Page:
My brother wanted us to pay Samantha Jones's neighborhood a visit, so on our way to Long Island one night, we stopped by the meatpacking district for dinner. The area's uber-trendy, so to say that it's hard to get a table is an understatement. Every resto we called on our way there had a two- to three-hour wait--and it was a weeknight! There was the Spice Market (really nice, one of my bro's faves), Pastis, and Vento--all with hordes of people waiting, waiting, waiting.

We ended up going to the only place that wasn't packed. In fact, it was a pretty slow night for them: The Diner. After all, if you were going to the meatpacking district, all dressed up, why would you go to a diner, right? (Insert eye-roll here.) While I had a hard time walking because of my twisted ankle, I heard one woman complain as she struggled across the cobblestoned streets in her sky-high heels: "Ugh! They should pave these roads!"

A little odd that we had a candlelit dinner at a diner...I guess they're kind of trying to blend in with the rest of the district? Would've been cooler, I think, if they were all lit up like a regular diner, just to make it so blatantly different from other spots--a haven from other more pretentious establishments!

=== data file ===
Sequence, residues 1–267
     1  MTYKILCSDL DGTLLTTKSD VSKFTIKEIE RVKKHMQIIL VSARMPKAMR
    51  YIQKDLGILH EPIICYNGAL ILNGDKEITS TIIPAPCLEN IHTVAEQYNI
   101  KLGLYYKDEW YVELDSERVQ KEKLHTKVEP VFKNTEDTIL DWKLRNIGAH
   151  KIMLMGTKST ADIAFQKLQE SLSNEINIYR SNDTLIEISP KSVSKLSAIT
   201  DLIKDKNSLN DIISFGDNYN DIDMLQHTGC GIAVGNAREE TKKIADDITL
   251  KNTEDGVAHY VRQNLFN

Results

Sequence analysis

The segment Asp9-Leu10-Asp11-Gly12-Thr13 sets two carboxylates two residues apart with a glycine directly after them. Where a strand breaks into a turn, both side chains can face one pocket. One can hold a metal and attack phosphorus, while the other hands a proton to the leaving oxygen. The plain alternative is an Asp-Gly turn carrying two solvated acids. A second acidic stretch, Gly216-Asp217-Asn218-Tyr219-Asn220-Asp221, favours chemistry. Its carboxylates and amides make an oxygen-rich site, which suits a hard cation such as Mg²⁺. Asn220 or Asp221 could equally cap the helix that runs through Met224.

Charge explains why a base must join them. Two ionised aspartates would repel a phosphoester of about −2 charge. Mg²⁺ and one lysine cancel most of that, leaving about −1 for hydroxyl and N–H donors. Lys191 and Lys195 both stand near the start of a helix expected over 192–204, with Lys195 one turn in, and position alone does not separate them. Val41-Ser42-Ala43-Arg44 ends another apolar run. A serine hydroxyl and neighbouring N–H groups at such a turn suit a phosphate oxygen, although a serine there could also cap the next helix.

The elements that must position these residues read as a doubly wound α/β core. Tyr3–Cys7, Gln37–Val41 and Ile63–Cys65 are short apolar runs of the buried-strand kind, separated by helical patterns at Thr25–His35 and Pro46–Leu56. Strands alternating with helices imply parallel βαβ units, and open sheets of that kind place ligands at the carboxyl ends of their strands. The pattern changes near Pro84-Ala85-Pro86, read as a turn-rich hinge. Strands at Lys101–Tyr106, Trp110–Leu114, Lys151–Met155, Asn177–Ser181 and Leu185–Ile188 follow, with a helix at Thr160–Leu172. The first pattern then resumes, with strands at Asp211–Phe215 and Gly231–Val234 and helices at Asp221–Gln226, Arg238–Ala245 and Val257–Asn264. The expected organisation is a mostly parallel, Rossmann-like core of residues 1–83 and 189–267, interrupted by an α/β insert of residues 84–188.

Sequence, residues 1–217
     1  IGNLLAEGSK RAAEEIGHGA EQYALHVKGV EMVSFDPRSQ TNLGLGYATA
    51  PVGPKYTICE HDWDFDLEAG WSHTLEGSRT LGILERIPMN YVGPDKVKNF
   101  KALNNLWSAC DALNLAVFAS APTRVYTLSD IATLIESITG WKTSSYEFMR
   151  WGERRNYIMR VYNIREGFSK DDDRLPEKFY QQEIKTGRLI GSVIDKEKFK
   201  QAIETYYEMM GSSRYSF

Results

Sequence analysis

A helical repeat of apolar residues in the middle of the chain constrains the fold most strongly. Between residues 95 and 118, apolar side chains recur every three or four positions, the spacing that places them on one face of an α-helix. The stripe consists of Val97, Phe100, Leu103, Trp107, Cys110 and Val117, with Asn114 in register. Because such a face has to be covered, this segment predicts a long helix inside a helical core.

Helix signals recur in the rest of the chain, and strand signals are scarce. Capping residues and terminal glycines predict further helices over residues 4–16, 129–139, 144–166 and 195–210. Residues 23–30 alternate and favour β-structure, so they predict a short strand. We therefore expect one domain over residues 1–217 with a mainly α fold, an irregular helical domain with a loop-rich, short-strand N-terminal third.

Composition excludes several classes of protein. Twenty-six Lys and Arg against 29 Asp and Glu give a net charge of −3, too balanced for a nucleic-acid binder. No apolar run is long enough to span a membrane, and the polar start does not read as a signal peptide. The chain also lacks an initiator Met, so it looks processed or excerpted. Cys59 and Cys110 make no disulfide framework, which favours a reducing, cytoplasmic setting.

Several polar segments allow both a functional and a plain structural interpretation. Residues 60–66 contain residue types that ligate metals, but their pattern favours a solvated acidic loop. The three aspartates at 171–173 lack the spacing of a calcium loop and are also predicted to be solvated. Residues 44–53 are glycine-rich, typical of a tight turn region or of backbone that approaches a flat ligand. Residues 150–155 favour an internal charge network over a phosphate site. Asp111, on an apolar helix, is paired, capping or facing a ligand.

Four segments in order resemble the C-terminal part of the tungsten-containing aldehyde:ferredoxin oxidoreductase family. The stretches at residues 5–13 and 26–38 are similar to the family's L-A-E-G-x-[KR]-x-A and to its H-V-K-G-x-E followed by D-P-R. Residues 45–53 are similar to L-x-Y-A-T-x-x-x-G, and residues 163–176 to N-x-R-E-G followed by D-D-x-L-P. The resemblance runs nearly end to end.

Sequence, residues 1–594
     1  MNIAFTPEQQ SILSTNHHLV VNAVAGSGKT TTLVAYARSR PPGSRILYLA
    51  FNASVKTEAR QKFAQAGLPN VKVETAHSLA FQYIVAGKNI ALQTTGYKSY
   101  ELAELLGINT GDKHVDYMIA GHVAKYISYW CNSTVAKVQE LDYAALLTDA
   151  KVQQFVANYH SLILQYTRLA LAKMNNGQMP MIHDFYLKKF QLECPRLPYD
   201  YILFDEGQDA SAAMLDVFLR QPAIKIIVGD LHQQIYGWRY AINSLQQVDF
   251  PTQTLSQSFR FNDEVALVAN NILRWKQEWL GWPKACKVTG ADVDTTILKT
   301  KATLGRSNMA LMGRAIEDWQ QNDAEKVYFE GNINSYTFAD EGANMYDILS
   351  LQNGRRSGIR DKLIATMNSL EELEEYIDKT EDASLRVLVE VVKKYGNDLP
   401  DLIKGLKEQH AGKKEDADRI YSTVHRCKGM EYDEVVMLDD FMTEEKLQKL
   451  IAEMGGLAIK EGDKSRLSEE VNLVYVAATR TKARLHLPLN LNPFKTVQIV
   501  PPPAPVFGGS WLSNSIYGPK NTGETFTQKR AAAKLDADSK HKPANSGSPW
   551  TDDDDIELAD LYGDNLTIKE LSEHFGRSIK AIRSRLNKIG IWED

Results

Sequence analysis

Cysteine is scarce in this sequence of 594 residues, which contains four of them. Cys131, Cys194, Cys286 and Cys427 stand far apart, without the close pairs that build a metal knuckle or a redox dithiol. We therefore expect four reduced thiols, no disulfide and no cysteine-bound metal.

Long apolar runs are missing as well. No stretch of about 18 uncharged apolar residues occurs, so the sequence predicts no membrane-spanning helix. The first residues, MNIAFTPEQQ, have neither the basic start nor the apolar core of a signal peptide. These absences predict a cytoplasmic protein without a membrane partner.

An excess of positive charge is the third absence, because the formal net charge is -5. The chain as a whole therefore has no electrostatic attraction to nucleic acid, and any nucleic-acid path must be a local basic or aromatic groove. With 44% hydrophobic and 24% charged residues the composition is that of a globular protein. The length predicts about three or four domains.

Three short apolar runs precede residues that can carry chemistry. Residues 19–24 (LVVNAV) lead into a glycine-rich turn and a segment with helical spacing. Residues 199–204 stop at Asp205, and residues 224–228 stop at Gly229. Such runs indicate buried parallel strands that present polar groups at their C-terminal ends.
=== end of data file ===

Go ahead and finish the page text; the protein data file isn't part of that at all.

I wasn't that hungry so all I had was spinach and artichoke dip. Really good. And that, plus my brother's burger cost about half or a third of what our dinner would have cost in all those other see-and-be-seen places.

It was interesting being in the meatpacking district, and it probably would've been cool...if only it weren't "too cool," if you get me. SATC has either kept it alive or ruined it.

Grotta Azzurra
177 Mulberry St., NYC
(212) 925-8775

"More cheese, please!" OK, so we love steak, and we love cheese!

My brother took us to this busy resto in Little Italy mainly because they offer a $9.50 prex fixe lunch--you get to pick one pasta and one entree. While I opted to have risotto, they of course picked the pasta and--what else?--steak! "Where else can you get steak for $9.50?" said Big Brother.

They didn't get the steak right the first time, and my cousin wasn't they replaced it with an all-new steak. Can we get that kind of service here, please?

The other attraction in this joint is the Wine Cellar which, unfortunately, was booked for a private function that day. We instead got a table in the main dining area, brightened by the sunshine streaming through the windows.

Marra's (Downtown Glen Cove)
1 School St., Glen Cove, NY

Not your typical pasta: My lobster ravioli with saffron cream sauce

On what Kuya Vic dubbed my "last supper," we went to Marra's, a casual Italian resto in downtown Glen Cove. While the food was pretty good, the highlight was just cam-whoring with my family! Sigh, I miss them so.

Kuya Vic's choice: Pasta with chicken, sun-dried tomatoes, broccoli, garlic, and oil

In fact, I miss New York. But eating out in a foreign land reminded me that restaurant hopping could be such an adventure--one that I can have right here at home!